Romney Campaign Mutes the Racial Dog Whistles for Tampa

Mitt Romney delivered a good acceptance speech that will help him in the polls. But it won’t fundamentally change the contours of his campaign, which now depends on compensating for his deficits with women and Hispanics by maximizing the white working-class male vote.

This means emitting a series of “dog whistles” -- carefully coded messages heard only by anxious white voters inclined to think President Barack Obama is too easy on minorities.

Neither Romney nor his running mate, Representative Paul Ryan of Wisconsin, went heavy on dog whistles in their speeches this week. The Republican National Convention was devoted to softening Romney’s image and too much racial subtext would have gone over badly.

But both men did assert that Obama was raiding Medicare to pay for Obamacare, a coded way of telling senior citizens that the president was taking their benefits and giving them to poor (read black) uninsured people.

This is entirely untrue. Obama’s plan doesn’t cut any basic Medicare benefits and, in fact, reduces prescription-drug costs for senior citizens.

Welfare Myth

Meanwhile, a welfare dog whistle continues to account for half of Romney’s paid advertising against Obama. A Romney ad in heavy rotation says that under a recent welfare-policy change “they just send you your welfare check.” That’s false, but it successfully conjures unemployed people sitting on the couch mooching off the middle class.

Contrary to the claims of some Democrats, there was no explicit racist tone at the convention in Tampa, Florida. When a black CNN camerawoman was pelted with nuts by two white convention goers who said, “this is how we feed the animals,” it was an isolated incident. Green, not black, is the color that most interested the well-heeled delegates.

Even so, I was troubled to find delegates -- including one with close ties to Romney -- who actually believe that Obama should disclose his Occidental College transcript to prove that he deserved to be admitted to Columbia University as a transfer student in 1981. This was a sign that even as the so-called birthers have been relegated to the fringe, many Republicans still disrespect Obama in ways that they might not if he were white. Dare I say the same might go for Clint Eastwood?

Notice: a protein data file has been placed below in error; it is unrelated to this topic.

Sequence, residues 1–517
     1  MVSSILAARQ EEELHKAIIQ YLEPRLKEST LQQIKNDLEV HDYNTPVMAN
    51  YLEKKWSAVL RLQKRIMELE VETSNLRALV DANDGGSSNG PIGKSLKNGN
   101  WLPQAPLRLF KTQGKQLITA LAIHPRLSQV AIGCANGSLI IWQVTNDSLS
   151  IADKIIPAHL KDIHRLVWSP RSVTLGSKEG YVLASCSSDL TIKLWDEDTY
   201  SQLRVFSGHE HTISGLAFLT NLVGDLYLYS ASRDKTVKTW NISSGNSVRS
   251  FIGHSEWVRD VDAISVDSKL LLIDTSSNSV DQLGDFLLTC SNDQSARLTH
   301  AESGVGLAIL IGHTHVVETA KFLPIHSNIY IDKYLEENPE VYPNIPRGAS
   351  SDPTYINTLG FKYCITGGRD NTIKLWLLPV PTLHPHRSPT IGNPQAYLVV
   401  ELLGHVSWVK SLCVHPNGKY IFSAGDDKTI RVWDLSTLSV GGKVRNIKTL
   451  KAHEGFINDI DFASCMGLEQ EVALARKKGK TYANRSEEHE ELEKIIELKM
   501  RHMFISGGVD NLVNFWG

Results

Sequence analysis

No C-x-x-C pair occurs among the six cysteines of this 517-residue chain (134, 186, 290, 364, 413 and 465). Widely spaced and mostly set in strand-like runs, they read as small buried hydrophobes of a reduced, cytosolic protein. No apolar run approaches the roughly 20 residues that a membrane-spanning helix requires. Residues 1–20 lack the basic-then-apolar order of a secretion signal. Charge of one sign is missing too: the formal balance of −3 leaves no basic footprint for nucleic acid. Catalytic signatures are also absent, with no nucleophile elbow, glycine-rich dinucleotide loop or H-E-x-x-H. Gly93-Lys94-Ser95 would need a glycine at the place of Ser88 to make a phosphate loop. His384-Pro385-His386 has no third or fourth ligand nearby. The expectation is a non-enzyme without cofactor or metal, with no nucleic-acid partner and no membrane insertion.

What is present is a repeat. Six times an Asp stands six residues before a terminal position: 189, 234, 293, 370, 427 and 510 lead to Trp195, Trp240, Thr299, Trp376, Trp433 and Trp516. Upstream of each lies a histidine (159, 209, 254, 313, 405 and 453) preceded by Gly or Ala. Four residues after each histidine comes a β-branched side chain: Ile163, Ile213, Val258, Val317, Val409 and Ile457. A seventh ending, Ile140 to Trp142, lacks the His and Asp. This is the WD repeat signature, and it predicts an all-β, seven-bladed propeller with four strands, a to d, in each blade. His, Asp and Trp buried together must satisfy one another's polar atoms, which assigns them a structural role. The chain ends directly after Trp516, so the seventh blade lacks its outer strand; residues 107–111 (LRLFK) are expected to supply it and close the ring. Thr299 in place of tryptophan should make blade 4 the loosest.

In employing dog whistles, the Romney campaign is tapping into racial themes that Republicans have used going back to 1968, when Richard Nixon inaugurated his infamous “Southern strategy.”

After the Civil Rights Act of 1964 and the Voting Rights Act of 1965 as well as race riots in 1967 and 1968, Nixon, who viewed politics as “the mobilization of resentments,” used a law-and-order theme to appeal directly to white anxieties over school busing and other extensions of the civil-rights movement.

Embraced by a generation of Republican candidates, the strategy turned the solidly Democratic South solidly Republican. But it had plenty of appeal in the North, too, especially when the argument pitted hard-working middle-class whites against minorities receiving government assistance.

Ronald Reagan’s code words included “welfare queens” and strapping “young bucks” on food stamps. Newt Gingrich this year took to calling Obama “the food-stamp president.”

The presence of a black man in the White House complicates the introduction of racial themes, which is why Romney didn’t adopt this strategy until he fell behind over the summer.

Willie Horton

Romney’s communications director, Eric Fehrnstrom, told me in Tampa that there was no racial component to the campaign, “nothing like the furlough ads.” This was a reference to the infamous “Willie Horton” ads made on behalf of George H.W. Bush against Massachusetts Governor Michael Dukakis in 1988. The ads used scary images of a black inmate released under a Massachusetts furlough program who went on to kill a woman.

Fehrnstrom was arguing that anything short of explicit racial imagery was in bounds, even if untrue. “We’re not going to let our campaign be dictated by fact-checkers,” Neil Newhouse, Romney’s pollster, said after both the Medicare and welfare attacks were exposed as false.

A century ago, a black boxer named Jack Johnson was heavyweight champion of the world. As chronicled in the play and movie, “The Great White Hope” (and in the book “Unforgivable Blackness,” by Geoffrey C. Ward), the white world was determined to dethrone Johnson by any means necessary.

Obama doesn’t have character weaknesses that can be exploited. He makes a small target, which is frustrating for Republicans. His failures on the economy might not be enough to get Romney over the finish line. So after the glow of their convention wears off, Republicans will probably be back on the same low road they have traveled in the past.

(Jonathan Alter is a Bloomberg View columnist and the author of “The Promise: President Obama, Year One.” The opinions expressed are his own.)

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